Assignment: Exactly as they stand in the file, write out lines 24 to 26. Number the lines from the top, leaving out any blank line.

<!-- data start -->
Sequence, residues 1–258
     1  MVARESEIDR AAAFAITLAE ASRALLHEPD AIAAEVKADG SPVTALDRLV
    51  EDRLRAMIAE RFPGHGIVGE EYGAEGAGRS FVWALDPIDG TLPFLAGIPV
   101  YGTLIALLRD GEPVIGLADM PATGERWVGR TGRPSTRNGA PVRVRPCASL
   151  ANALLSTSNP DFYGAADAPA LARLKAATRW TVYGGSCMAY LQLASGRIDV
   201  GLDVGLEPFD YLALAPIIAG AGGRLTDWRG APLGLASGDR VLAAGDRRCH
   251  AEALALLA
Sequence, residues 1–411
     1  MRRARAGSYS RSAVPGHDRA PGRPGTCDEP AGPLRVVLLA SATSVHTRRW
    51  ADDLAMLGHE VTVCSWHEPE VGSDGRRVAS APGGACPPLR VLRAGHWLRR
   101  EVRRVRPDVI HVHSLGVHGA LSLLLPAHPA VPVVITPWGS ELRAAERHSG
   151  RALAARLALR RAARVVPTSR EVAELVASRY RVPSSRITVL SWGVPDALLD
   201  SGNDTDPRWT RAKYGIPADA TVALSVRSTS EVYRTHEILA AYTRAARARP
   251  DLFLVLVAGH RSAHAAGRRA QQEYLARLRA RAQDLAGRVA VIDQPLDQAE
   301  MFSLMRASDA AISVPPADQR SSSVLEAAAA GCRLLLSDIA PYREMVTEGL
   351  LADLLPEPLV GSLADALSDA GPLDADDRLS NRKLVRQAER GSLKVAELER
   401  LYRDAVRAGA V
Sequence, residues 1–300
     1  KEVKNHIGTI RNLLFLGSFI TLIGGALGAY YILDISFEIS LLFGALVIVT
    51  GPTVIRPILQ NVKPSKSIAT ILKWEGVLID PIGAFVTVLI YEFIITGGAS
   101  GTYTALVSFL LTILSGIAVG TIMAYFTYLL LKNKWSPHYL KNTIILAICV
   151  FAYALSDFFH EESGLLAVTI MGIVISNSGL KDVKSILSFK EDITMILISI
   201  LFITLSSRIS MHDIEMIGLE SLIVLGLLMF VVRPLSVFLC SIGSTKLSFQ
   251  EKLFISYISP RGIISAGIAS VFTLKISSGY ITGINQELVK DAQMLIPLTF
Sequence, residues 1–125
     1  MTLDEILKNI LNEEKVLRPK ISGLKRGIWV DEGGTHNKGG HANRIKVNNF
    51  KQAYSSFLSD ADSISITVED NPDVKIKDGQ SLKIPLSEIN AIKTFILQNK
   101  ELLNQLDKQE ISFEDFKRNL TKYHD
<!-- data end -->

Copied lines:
   251  EKLFISYISP RGIISAGIAS VFTLKISSGY ITGINQELVK DAQMLIPLTF
Sequence, residues 1–125
     1  MTLDEILKNI LNEEKVLRPK ISGLKRGIWV DEGGTHNKGG HANRIKVNNF